This paper explores rigorous methods to transparently incorporate values in sustainability decision-making. Empirical, normative and other decision-making methods are discussed using a conceptual architecture borrowed from the Aristotelian ideas of Episteme, Techne and Phronesis. The application and limits to positivist reasoning for decision-making is explored through discussions of wicked and tame problems (where the introduction of values is discussed), the analytic-deliberative framework (that characterizes most assessment methods), and post-normal science. An example examining air quality regulation and enforcement is used to explore concepts. Recognizing the continuum of quantitative to qualitative decision-making calculus, and how to apply it constructively to decision-making is an area of needed inquiry for scientists, policy-makers, consultants and corporate leaders concerned about helping to effect the transition to more sustainable societal patterns. This necessitates researchers and decision makers acknowledge that sustainability preferences are driven by values. This author concludes that decision-making methods that provide a transparent means to value outcomes and to integrate disparate information and perceptions (and values) have been demonstrated to be the most useful in settings with a variety of stakeholders that value different outcomes. Such conditions are typical in natural resource and sustainability problems where trade-offs are often necessary.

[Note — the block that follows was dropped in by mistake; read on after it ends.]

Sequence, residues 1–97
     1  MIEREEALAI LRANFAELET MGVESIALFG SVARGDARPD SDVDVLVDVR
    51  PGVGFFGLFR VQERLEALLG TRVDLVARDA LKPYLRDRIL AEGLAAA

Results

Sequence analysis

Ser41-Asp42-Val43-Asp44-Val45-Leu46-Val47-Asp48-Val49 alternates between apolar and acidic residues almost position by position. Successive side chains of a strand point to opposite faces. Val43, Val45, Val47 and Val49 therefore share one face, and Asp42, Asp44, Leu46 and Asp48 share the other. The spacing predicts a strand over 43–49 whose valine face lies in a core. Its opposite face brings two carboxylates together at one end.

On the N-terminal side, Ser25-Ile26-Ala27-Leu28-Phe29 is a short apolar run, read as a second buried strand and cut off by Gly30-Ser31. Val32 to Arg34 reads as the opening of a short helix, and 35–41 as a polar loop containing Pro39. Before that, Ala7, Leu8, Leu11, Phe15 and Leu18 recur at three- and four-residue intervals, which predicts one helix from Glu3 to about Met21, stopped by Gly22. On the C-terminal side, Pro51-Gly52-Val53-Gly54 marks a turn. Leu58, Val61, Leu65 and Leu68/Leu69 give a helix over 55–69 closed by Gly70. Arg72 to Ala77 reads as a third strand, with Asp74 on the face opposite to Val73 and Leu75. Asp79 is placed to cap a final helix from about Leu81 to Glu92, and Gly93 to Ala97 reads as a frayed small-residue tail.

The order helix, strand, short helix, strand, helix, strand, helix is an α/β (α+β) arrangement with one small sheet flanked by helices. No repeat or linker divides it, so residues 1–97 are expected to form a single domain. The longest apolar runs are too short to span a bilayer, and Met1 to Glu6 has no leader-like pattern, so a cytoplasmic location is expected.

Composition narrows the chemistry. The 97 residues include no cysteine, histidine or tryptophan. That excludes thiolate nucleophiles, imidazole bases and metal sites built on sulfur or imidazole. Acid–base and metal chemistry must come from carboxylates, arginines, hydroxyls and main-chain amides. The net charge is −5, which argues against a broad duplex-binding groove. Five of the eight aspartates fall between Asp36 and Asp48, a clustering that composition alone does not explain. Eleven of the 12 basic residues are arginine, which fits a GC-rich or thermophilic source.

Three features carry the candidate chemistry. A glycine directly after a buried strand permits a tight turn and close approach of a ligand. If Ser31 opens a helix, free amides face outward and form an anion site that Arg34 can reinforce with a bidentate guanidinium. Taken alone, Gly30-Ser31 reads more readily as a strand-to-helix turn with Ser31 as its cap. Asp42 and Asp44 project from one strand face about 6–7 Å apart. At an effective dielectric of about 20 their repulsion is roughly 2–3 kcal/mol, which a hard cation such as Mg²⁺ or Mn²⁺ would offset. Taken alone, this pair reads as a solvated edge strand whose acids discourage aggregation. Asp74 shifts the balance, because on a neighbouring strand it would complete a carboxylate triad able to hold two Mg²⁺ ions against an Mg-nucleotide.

Decision science, Multi-criteria, Phronesis, Sustainability, Values,
Journal of Cleaner Production
Erasmus University Rotterdam

Martin, L. (2015). Incorporating values into sustainability decision-making. Journal of Cleaner Production, 105, 146–156. doi:10.1016/j.jclepro.2015.04.014